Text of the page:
“Under his leadership, Sacramento State grew in every way,” he said, “serving a larger and more diverse student body, modernizing and expanding campus infrastructure, and establishing critical programs like the Center for California Studies, which helped to establish Sac State as the Capital’s University.”

Gerth green and gold
From left, Sac State President Robert S. Nelsen, Beverly Gerth, Donald Gerth, and Jody Nelsen celebrate during the 2019 Green and Gold dinner. (Sacramento State file)

That view is held beyond academic borders. California Assemblyman Roger Dickinson, who served as a Sacramento County Supervisor from 1994 through 2010, said Gerth “led the campus to become a centerpiece of Sacramento.”

“As president of Sac State, Don had an unrelenting passion to establish the University as the highest quality academic institution,” Dickinson said. “Beverly and Don worked as a dynamic team to improve the campus in every way – from the physical facilities to faculty quality to the student experience.”

Gerth was born Dec. 4, 1928, in Chicago. As a teenager, he sold shoes and worked in a steel mill and as an insurance-rating clerk.

Timeline of Donald Gerth's life and accomplishmentsHe dropped out of high school at 16 and enrolled at the University of Chicago, where he would earn three degrees, including a doctorate in Political Science in 1963.

Gerth enlisted in the Air Force in 1952, during the Korean War, serving in intelligence and finance capacities. While stationed in the Philippines, he was in charge of payroll finances and known to troops as “The Bagman.”

He met Beverly Jean Hollman while stationed at Scott Air Force Base near Belleville, Illinois and proposed a month later. They married in 1955.

In an interview she gave when her husband retired from Sac State, Bev recalled how much she loved to dance, but that Don “wasn’t the greatest dancer.” However, by the time they settled in at what was then San Francisco State College in 1958, the couple often joined the dean of students, dancing the cha-cha and rhumba to music from a basement jukebox on campus. The trio referred to themselves as “the Stumblebums.”

His San Francisco State post was as professor of Government and an associate dean. After Gerth earned his doctorate, the CSU Chancellor’s Office recruited him in 1963 to serve as associate dean of Institutional Relations and Student Affairs.

The following year, Gerth was named professor of Political Science and dean of students at Chico State, before being promoted to vice president for Academic Affairs in 1970. While at Chico State, he co-authored An Invisible Giant: The California State Colleges.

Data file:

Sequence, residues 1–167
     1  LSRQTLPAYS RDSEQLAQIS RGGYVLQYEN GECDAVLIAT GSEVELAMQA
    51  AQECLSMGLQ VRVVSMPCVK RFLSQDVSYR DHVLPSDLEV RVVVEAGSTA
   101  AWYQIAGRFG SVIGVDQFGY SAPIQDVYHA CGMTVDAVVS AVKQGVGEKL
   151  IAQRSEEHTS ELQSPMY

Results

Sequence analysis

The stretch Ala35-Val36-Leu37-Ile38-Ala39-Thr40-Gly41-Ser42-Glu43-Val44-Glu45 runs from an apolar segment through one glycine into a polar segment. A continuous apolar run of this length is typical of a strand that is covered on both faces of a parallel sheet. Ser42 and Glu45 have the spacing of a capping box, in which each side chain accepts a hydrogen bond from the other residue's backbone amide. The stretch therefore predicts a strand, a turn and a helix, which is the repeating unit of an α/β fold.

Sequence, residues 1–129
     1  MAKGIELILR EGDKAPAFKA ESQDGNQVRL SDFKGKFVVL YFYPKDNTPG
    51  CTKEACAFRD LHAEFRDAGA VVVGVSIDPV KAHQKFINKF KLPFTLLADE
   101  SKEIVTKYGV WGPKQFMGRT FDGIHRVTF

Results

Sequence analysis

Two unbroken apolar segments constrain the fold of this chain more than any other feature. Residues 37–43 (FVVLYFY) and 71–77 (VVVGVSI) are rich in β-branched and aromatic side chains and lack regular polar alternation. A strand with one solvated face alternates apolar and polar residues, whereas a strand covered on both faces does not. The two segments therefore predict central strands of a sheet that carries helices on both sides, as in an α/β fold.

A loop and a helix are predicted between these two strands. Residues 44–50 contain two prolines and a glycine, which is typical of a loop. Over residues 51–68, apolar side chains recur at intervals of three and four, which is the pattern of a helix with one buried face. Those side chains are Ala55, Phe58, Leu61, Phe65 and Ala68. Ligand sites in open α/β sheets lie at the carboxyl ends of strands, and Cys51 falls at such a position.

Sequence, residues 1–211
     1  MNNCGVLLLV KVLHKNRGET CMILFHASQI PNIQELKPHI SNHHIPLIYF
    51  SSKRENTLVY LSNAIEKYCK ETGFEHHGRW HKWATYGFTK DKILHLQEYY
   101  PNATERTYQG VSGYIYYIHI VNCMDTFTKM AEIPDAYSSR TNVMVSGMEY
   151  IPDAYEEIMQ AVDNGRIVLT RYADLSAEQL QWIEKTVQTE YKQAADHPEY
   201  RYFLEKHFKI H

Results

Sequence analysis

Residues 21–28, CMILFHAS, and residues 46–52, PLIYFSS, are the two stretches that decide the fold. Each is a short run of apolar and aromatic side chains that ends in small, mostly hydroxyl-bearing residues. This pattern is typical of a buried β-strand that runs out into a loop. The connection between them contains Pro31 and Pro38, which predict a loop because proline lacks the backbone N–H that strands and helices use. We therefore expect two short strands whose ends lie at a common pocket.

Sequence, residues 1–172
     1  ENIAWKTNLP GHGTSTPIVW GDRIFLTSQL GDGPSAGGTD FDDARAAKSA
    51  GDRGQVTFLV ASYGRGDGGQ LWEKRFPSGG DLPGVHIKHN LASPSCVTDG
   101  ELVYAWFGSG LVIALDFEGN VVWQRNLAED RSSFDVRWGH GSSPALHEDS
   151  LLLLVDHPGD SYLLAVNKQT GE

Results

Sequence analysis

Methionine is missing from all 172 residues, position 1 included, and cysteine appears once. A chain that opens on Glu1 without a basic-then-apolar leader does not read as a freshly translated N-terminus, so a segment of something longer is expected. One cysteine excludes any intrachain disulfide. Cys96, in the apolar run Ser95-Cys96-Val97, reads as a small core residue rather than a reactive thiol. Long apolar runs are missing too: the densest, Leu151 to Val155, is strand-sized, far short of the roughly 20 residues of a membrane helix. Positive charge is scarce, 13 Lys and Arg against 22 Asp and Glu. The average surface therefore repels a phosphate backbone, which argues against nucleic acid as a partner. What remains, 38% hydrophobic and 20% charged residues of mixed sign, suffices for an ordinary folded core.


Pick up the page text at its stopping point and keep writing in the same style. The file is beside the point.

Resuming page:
In 1976, Gerth was appointed president of CSU Dominguez Hills, where he also was a professor of Political Science.

Eight years later, in November 1983, he was appointed Sac State’s 10th president, taking office July 1, 1984.

Upon his retirement in 2003, Gerth recalled that one of his notable accomplishments was establishing stable relations between faculty and the University’s administrators. He was proudest, he said, of Sac State students’ achievements.

For Commencement during his first two years at Sacramento State, he hand-signed every diploma.

“Then I came to the conclusion that that wouldn’t work,” he said.

In addition to his honor as Sacramentan of the Year, Gerth also was named Exemplary Leader by the American Leadership Forum.

The Art & Business Council of Sacramento and Sac Metro Chamber in 2001 jointly recognized Gerth for his outstanding contributions to the arts.

Sacramento City Councilman Eric Guerra was a Sac State student, working part time as a janitor on campus, when he met Donald and Bev Gerth.

“They would come to all of the campus functions and stay until the very end, when the janitors would come in to clean up. He always said hello and was very kind,” said Guerra, who was elected president of Associated Students Inc. (ASI) for a term coinciding with Gerth’s final year as president.

“By the time I was ASI president,” Guerra said, “I had developed a good relationship with him. We understood each other, and I enjoyed his stories. In his day, he was considered radical, because he hired the first African American faculty when he was at Chico State.”

Guerra recently received a letter from Gerth who, in shaky but determined handwriting, offered support for the politician’s upcoming California Senate run. Guerra recalled that when he first ran for city council in 2015, Gerth sent postcards to every resident of District 6 – with a photo of the two then-presidents – encouraging neighbors living near Sac State to vote for Guerra.

“I believe that was the linchpin to me being able to win the election,” Guerra said.

A celebration of life is scheduled for 1-4:30 p.m. March 20 in the University Union Ballroom. In lieu of flowers, donations can be made to the President Emeritus Donald R. Gerth Memorial Scholarship fund.

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About Dixie Reid

Dixie Reid has been a writer for Sac State since 2012 after decades as a newspaper reporter. A Texas native with the accent to prove it, Dixie is crazy about “dear friends, big dogs, good books, great food, day trips, baking cookies, California sunshine (and fog), and kind people.”